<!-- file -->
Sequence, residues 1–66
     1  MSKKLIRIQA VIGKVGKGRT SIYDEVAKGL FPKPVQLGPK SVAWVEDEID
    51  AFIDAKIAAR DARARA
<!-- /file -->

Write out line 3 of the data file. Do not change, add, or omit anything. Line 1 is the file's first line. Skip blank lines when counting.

    51  AFIDAKIAAR DARARA